Financial Balance Sheets of General Governments
Between 1999 and 2008, the performance of the financial balance sheets of the Eurozone general governments has led to a gathering of the countries into five groups: 
- • Group 4: Estonia, Lithuania, Slovakia, and Slovenia.
- • Group 5: Belgium, Ireland, Italy, and Spain.
- • Group 6: France, Germany, Greece, and Portugal.
As in the cases of private financial and non-financial sectors, the period before the onset of the crisis was characterized by a strong deterioration in the net financial position of general governments. Thus, there was a decline in the size of net financial assets in 11 countries (those included in groups 2, 4, and 6). The main reason of this process was the fall in the size of financial assets (which fell in 7 countries), because in 12 countries a fall in the size of financial assets was registered (countries belonging to groups 3, 4, and 5).
The onset of the financial crisis in 2007-2008 and the subsequent Great Recession has led to an enormous deterioration of the European public finances which has given rise to a widespread increase of fiscal imbalances (that is, fiscal deficits and outstanding public debt), due not only to the impact of the decline and the slowdown of economic activity on public budget balances through the working of the built-in stabilizers but also to the implementation of expansionary discretional fiscal policies. Although since the year 2010 in the European Union, in general, and in the Eurozone countries, in particular, there was a generalized change in the fiscal policy stance towards an adjustment of fiscal deficits. In most Eurozone countries the size of public debt has been growing; as a result, since the year 2008 the size of the public debt and the financial liabilities of general governments have increased in all the Eurozone countries with no exception.
But, besides the impact of the crisis on public finances and the consequence of the discretionary expansionary fiscal policies on public budget balances, financial balance sheets of Eurozone general governments have been deeply affected by bank rescues. In addition to their direct impact on non-financial public revenues and expenditures and on the public budget balances (Ferreiro et al. 2015, 2016b; van Riet 2010; Stoltz and Wedow 2010), the measures of support to trouble financial institutions have generated an increase of the size of financial assets of general governments, and, thus, this component of the financial balance sheets has increased in all eurozone countries.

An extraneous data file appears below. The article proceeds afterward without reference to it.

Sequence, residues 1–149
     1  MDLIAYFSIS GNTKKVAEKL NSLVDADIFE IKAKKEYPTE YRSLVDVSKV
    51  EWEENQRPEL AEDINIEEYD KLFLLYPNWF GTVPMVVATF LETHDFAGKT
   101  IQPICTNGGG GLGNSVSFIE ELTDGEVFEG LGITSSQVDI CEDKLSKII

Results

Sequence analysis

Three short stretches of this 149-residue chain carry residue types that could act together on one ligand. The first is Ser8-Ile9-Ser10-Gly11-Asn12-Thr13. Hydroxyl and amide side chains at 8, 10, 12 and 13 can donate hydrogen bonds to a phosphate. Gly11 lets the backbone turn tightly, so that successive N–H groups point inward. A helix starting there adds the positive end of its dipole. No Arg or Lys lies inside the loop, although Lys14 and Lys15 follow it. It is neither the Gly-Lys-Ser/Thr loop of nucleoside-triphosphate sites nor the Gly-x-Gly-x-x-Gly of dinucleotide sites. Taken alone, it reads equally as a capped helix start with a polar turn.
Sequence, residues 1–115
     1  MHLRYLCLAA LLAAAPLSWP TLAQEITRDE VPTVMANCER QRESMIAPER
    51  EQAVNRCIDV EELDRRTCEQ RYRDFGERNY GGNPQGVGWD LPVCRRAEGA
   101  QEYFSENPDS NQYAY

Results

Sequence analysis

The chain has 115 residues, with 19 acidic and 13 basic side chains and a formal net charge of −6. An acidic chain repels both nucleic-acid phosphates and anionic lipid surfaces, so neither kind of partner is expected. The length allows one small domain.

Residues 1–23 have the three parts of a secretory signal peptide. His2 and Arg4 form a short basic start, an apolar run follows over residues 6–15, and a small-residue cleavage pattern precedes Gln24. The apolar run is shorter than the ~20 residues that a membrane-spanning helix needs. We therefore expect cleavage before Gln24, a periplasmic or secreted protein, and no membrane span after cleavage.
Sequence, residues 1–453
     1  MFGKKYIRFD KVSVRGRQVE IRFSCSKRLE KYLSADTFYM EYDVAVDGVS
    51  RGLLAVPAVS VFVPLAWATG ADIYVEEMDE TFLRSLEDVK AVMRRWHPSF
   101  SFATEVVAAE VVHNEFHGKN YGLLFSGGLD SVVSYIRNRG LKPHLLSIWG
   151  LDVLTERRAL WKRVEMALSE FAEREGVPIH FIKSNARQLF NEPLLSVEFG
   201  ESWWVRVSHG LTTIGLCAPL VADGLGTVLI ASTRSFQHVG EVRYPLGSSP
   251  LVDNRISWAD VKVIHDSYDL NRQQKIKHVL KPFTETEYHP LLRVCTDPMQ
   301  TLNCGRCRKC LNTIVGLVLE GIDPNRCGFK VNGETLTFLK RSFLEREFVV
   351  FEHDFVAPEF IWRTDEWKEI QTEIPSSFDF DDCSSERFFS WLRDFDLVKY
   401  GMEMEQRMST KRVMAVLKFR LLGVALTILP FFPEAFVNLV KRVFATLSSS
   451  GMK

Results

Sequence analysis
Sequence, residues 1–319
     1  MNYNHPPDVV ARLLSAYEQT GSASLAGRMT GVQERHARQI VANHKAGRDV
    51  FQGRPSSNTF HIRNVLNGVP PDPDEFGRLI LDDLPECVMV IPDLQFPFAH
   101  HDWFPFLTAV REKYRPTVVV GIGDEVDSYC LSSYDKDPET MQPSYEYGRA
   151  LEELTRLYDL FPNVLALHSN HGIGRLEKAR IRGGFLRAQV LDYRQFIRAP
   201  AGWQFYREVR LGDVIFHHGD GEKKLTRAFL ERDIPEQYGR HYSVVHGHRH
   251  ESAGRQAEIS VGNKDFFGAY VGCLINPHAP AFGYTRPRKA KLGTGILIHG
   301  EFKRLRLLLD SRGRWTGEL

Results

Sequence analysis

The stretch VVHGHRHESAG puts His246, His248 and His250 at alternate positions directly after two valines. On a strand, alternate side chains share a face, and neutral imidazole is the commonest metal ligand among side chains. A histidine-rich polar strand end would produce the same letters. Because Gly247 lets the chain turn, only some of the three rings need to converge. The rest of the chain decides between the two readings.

In sum, as a result of this process, in the years 2008 to 2014, eurozone countries can be gathered in three groups:
- • Group 1: Estonia and Finland.
- • Group 2: Austria, Belgium, Cyprus, France, Germany, Greece, Ireland, Italy, Latvia, Lithuania, Luxembourg, Malta, Portugal, Slovakia, Slovenia, and Spain.
- • Group 3: The Netherlands.
As a whole, there has been a deterioration of the net financial position of general governments in 17 euro countries, and only in Estonia and Finland has the financial position improved. The size of financial assets of general governments has increased in all euro governments, apart from The Netherlands. But the most characteristic feature of this process is that the financial liabilities of general governments have grown in all Eurozone countries.
Regarding the evolution of the net financial position of general governments, most countries (13 countries) have permanently maintained a net debtor position. This has been the case for Austria, Belgium, Cyprus, France, Germany, Greece, Ireland (with the only exception of the year 2007), Italy, Malta, The Netherlands, Portugal, Slovakia, and Spain. On the contrary, 3 countries (Estonia, Finland and Luxembourg) have recorded a net creditor position since 1999. Finally, Latvia, Lithuania, and Slovenia, which before 2008 had had a net creditor position, have registered a net debtor financial position since that date.
-  Group 2: Austria, Latvia, and Luxembourg. • Group 3: Cyprus, Finland, Malta, and the Netherlands.